Just as remarkable, the program has encouraged a small influx of young, non-Hispanic families back into West Liberty, families led by parents like Richard Heath, 41, and Linley Heath, 36, who believe that fluency in more than one language can open opportunities for their three sons.
Five years ago, the Heaths, who were living in Iowa City, bought a house on Third Street in West Liberty and moved here just so that Carson, now 10, and Reynolds, now 7, could enroll in the program. Their friends thought they were nuts. But they have no regrets and say that when Wesley, now 2, is old enough for pre-kindergarten, they plan to put him in the Dual Language Program, too.
‚ÄúWhen we first moved here, and I was waiting for Carson to get out of one of his classes,‚ÄĚ Linley said, ‚Äúa grandmother came up to me, asked me if I was new to town, and told me, ‚ÄėYou know, what you‚Äôve got to look for here is blah, blah, blah, blah, blah‚Äô — you know, the Hispanic population.
‚ÄúAnd I told her, ‚ÄėWell, you know actually that‚Äôs why we moved here.‚Äô It was neat to turn and see her look at me and think, ‚ÄėOh, really?‚Äô‚ÄĚ
Miguel and Maria Rivas live on a five-acre ranch outside West Liberty, Iowa. It is the latest in a series of properties the naturalized citizens have purchased in their adopted country. The pride they feel in it is obvious — and justified. It‚Äôs quite the spread.
The Rivases, both 69, have lived together in the United States for 47 years now and have worked inside the food processing plant in downtown West Liberty for nearly all them. When they started at the plant, which today slaughters about 5 million turkeys a year, they each made about $1.90 an hour.
They‚Äôre reluctant to say how much they make now, after more than 40 years on the job. But their daughters, Mari Pearson, ¬†and Lorena Gingerich, are less circumspect. They say their dad earns $13 an hour today and that their mom makes $11.40 an hour.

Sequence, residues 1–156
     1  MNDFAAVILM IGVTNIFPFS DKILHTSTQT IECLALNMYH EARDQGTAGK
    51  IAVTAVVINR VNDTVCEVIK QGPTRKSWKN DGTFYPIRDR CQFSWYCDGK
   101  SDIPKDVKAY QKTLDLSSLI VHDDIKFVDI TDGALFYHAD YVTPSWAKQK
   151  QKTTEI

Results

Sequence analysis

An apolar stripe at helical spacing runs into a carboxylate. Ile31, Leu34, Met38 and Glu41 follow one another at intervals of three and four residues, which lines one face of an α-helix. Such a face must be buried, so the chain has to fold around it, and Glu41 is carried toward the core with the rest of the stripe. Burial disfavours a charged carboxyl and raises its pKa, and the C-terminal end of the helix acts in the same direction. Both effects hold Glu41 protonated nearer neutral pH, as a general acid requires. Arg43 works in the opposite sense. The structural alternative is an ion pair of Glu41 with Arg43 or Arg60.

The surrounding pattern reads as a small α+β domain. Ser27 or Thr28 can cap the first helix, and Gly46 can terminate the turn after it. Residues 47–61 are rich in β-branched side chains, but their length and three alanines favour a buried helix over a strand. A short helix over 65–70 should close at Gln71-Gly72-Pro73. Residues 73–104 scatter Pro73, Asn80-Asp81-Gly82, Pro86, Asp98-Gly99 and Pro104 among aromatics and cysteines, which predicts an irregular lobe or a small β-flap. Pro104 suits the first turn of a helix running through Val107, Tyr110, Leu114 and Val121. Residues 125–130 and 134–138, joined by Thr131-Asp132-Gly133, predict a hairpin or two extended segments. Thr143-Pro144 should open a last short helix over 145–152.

Miguel and Maria both get health benefits through work. But Lorena says her parents don‚Äôt understand why they often still have to pay for healthcare. She said she doesn’t think West Liberty Foods does an adequate job explaining the benefits to the many workers, like her parents, with limited English skills.
Miguel and Maria became U.S. citizens in 1977. They also used their earnings from the plant to buy a house in West Liberty. They eventually paid it off and bought a rental property, which they fixed up themselves after their shifts ended at the plant.
With the money from the rental, they bought more rentals. Eventually, they purchased the ranch they live on now, outside Atalissa, Iowa, where they grow chilies and corn, among other things. “We’re very proud of what we’ve done.” Maria said.
She will celebrate her 41st year at the plant next month. She says she loves the camaraderie there and has no plans to retire. ‚ÄúAs long as God let’s me work,‚ÄĚ she said, ‚ÄúI’ll stay there.”
But more than 40 years in a slaughterhouse has taken its toll. Maria, her kids say, is mostly vegetarian now. And she doesn’t eat turkey. Mari, who also worked at the plant years for awhile, isn‚Äôt surprised.
“I remember when we were little, they would come home and we wouldn’t want to kiss them because of the smell,” said Mari.